Nibbles and the Scary Seizure

Posted on January 8, 2012


My 100 lb. black lab Nibbles likes to hang out with me when I am doing strength training. Good for her. Bad for me. So I put up a baby gate. That way I don’t 1)  step on/yell at/fall over her and she doesn’t 2) eat the cat food, cat litter, cat toys, people toys, boxes, pieces of metal, shards of glass, knives, anything that might be appetizing to her.

Nibbles does not value personal space and her palate is atrocious. The gate goes up.

A curious thing happens to Nibbles when I do strength training. At first she mashes herself against the gate. To her it must be the same as being right there with me. She likes being with me. So she gets a good mash-on every time. I warm up for a few minutes. Her tail wags. It’s all good. Mashed-to-the-gate good. Oh yeah!

But then I do my first plank. Within 30 seconds, I am shaking and Nibbles’ demeanor begins to change. Her tail goes down. Her ears go up. She is slightly concerned. “Is Lady Sisyphus okay?”

I am holding my plank but begin to shake more. I am sweating. I am cussing like I have Tourette’s. It’s not pretty. “Is Lady Sisyphus having a seizure?!”  Poor Nibbles is out of her mind by now. She issues forth a  combination bark-high pitched whine. Woof! whhhhhiiiiiiiiiiinnnnnnneeee. Woof! Woof! whhhhhhhiiiiiiiiiiiiiinnnneeeee. Woof!  By the end of my plank she is at full-mashdom, bark-whining and wed to the idea of getting her 100 lb. body through a three square inch piece of the gate.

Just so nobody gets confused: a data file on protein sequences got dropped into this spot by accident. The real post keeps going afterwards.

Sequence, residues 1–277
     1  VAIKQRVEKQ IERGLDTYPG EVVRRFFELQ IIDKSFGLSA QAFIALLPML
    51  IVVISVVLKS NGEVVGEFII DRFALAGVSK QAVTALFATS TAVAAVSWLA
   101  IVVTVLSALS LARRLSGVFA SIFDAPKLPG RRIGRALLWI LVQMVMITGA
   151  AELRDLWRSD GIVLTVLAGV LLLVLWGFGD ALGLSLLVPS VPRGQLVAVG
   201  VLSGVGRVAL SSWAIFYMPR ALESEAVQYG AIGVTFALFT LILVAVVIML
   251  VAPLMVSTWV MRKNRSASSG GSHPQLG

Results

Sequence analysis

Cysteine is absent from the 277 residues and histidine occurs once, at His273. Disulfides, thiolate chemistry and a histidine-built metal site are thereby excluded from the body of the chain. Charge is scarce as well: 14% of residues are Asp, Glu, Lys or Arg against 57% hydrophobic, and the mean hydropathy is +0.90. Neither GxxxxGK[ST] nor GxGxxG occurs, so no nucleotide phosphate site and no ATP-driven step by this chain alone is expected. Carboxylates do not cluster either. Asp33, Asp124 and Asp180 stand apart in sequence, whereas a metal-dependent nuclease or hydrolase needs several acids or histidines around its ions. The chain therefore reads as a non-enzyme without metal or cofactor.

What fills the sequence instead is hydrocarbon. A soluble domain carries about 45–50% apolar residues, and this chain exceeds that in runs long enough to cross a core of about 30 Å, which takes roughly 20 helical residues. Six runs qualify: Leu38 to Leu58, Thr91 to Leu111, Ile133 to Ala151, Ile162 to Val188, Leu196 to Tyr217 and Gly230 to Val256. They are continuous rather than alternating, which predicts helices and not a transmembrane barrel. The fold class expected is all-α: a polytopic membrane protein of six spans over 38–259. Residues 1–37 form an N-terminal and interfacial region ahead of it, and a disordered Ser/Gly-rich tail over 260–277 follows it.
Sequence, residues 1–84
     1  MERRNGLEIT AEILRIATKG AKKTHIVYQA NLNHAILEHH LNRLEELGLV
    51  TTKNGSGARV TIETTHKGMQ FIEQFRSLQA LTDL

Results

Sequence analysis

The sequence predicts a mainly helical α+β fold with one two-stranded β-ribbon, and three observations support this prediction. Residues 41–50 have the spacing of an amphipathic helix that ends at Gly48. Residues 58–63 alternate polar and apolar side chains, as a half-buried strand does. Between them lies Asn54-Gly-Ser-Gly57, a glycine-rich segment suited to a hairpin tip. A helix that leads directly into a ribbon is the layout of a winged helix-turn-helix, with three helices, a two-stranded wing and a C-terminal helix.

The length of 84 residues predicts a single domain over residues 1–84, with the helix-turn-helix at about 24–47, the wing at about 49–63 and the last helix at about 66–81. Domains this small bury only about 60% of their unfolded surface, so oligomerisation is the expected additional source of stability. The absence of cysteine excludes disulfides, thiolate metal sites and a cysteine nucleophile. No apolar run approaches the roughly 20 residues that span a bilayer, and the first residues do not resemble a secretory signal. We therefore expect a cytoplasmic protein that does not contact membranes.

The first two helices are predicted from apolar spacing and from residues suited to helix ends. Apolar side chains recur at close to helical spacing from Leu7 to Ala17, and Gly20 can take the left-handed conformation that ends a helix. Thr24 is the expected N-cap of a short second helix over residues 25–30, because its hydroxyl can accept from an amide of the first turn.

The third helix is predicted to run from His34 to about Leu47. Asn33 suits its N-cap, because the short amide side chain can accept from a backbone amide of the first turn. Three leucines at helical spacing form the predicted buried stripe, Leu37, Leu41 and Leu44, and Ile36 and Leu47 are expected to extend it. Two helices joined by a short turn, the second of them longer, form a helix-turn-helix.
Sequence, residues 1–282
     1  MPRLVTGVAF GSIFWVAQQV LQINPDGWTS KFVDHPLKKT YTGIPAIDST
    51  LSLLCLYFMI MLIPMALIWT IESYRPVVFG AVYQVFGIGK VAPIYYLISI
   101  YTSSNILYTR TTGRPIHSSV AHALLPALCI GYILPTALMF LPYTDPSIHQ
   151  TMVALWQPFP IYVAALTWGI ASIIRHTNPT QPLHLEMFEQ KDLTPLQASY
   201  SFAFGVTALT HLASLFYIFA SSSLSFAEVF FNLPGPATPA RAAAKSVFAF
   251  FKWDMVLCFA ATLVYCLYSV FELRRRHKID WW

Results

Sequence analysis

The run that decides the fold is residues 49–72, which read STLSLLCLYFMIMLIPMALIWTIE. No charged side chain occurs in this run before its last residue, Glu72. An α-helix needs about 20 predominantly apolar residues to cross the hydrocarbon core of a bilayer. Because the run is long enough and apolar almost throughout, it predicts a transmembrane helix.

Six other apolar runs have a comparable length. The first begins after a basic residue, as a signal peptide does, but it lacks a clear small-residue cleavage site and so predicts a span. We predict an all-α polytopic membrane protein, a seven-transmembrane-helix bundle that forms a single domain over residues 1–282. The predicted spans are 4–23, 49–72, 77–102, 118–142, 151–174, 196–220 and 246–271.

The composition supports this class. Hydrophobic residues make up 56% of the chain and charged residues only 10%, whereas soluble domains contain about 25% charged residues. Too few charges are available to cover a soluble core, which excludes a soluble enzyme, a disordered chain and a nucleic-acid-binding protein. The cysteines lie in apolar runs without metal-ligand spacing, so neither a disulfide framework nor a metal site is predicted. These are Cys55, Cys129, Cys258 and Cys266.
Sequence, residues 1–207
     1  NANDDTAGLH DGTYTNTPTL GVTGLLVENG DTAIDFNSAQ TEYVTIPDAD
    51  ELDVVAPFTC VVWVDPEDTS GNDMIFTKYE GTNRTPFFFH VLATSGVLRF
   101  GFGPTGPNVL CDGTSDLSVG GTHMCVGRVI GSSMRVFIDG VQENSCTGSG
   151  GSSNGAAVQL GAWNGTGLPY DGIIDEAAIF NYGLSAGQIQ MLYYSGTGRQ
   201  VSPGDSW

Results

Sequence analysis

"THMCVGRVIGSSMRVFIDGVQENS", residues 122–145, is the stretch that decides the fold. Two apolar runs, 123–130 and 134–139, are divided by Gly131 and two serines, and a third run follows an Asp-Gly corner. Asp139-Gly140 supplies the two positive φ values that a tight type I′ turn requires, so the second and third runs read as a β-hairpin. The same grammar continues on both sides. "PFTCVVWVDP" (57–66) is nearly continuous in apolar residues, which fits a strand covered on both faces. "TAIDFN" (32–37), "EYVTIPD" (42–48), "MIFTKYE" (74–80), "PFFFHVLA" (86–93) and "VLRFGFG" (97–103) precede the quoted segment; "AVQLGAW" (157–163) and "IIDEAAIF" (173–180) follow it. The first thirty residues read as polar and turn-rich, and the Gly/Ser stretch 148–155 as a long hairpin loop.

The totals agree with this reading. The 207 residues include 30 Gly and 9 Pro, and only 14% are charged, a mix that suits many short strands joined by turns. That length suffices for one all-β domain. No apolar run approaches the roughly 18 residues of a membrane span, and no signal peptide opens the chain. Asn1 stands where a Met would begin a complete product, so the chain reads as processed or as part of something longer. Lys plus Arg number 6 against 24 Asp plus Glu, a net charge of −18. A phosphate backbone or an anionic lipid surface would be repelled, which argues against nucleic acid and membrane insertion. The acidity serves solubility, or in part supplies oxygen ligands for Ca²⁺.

No doubt to save me. Or to eat the knives. We hold the same rank.

I’ve come to believe that Nibbles is one of those dogs who can sense things. She’s special that way. When I am distressed, she is distressed. To a dog, distress is distress. Seizure, exertion, hunger, squirrel, it’s all the same distress to her. She doesn’t call 911 or pace or run upstairs to tell Sisy’s mom she has fallen down a well.  When it comes to strength training, she mashes herself against the gate and assumes the “gravely concerned” position.

It’s the same when I grunt my way through shoulder presses or yell my way through a set of squats. At first she is intrigued but within seconds she is fully gate-smashed and downright terrified. Lord Sisyphus has theorized that without the gate, she’d rush to my side and promptly administer mouth-to-mouth resuscitation. Good dog. (Ack!) Who needs 911?

Her behavior is curious to me. (Well, to be honest, it’s annoying.) I often wonder what goes through her dog-brain. Our family has given her the nick-name “Ten-Second Nibbles” because she has a memory about that long. Clearly that’s the case when it comes to my strength training schedule. You’d think she’d know by now that I am going to shake, sweat and make loud terrible noises. Terrifying gate-mashing noises. But Ten-Second Nibbles doesn’t remember much except “food” and “treats” and “gotta go.” Everything else is scary. She is her own Sisyphus, pushing the same fear up the same hill day after day. Poor Nibbles.

Meanwhile, Hoss the elderly cat lounges just outside the gate in his usual “Ha-ha. I’m in. You’re not,” yoga pose. He simply enjoys the show.